Career Spotlight: Load Planner
Every transportation truck you see pass by on the highway is following a system coordinated by much more than just the driver. Every load carried by one of these trucks has been controlled by a load planner. Load planners have the main priority of ensuring goods are moved in an efficient manner, and they also manage scheduling, costs and health and safety. If you have an interest in auto careers but are more focused on the management opportunities in the transportation sector, then a job as a load planner could be in your future. To get you started on what it’s like on the job, here are the main duties for a load planner (also sometimes referred to as a dispatcher).
Main Duties and Responsibilities
- Must be able to multitask and work in a fast paced environment
- Schedule drivers to pick up or deliver loads
- Coordinate the most efficient load configuration
- Monitor daily driver logs
- Follow up on transportation loads tendered
- Maintain and update databases
- Handle a high volume of telephone calls
- Must have acute office skills (as this is the main workplace for a load planner)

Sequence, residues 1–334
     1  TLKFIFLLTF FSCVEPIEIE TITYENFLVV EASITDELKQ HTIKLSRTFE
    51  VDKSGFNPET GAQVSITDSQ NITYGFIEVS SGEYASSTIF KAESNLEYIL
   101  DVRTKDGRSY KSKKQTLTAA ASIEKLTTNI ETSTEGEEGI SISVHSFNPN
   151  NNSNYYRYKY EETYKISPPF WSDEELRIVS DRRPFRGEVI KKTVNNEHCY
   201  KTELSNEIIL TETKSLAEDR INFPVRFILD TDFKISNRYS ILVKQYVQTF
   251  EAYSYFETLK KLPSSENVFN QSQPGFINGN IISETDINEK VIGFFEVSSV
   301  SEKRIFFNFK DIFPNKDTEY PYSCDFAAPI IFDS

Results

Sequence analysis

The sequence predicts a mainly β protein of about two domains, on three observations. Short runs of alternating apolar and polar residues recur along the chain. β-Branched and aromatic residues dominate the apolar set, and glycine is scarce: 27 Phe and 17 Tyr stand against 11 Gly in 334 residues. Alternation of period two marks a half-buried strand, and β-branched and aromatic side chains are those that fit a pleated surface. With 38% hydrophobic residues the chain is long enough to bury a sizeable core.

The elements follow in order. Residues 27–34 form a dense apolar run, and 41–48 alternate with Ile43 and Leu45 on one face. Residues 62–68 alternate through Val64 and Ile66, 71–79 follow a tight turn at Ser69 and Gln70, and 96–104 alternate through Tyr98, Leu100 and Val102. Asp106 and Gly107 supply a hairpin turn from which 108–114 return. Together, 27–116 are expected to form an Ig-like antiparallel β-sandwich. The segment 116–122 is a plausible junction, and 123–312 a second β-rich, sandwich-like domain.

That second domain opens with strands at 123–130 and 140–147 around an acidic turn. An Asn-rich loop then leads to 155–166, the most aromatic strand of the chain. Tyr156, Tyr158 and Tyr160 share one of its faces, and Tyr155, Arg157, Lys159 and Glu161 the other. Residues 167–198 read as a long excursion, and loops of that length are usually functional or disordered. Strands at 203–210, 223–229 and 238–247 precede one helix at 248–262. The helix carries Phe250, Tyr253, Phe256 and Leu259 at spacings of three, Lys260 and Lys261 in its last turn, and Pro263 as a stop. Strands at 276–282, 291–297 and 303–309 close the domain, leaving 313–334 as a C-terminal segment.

Requirements for the job mandate that a load planner must have gone to dispatch school or received an equivalent education. Because the workplace for truck transportation is very diverse, a good load planner must have clear communication skills. Part of being a load planner also requires that you are aware of the weather for all driver routes to ensure employee safety. Certain loads will have speciality requirements, for example a food truck will need refrigeration. This is up to the load planner to coordinate which trucks will be available for these special needs.
How to Be a Good Load Planner
Truckers will sometimes have horror stories of bad dispatching and load planning. Many of these issues stem from load planners rushing the truck driver to meet a time quota, an issue caused by poor time management skills and lacking knowledge of the roads. It is important that a good load planner is also someone who knows the roads well and has spent some time studying a map. A load planner must also be understanding. Sometimes unexpected incidents will occur on the road, like a truck breaking down causing a delivery to be late, or a truck will be stuck in traffic. It is important that the load planner has quick thinking skills to figure out a backup plan, or else is able to reschedule delivery promptly. Dispatcher training is the best method to teach prospective load planners how to handle managing trucks over the phone and ensure each load is delivered with minimal issues.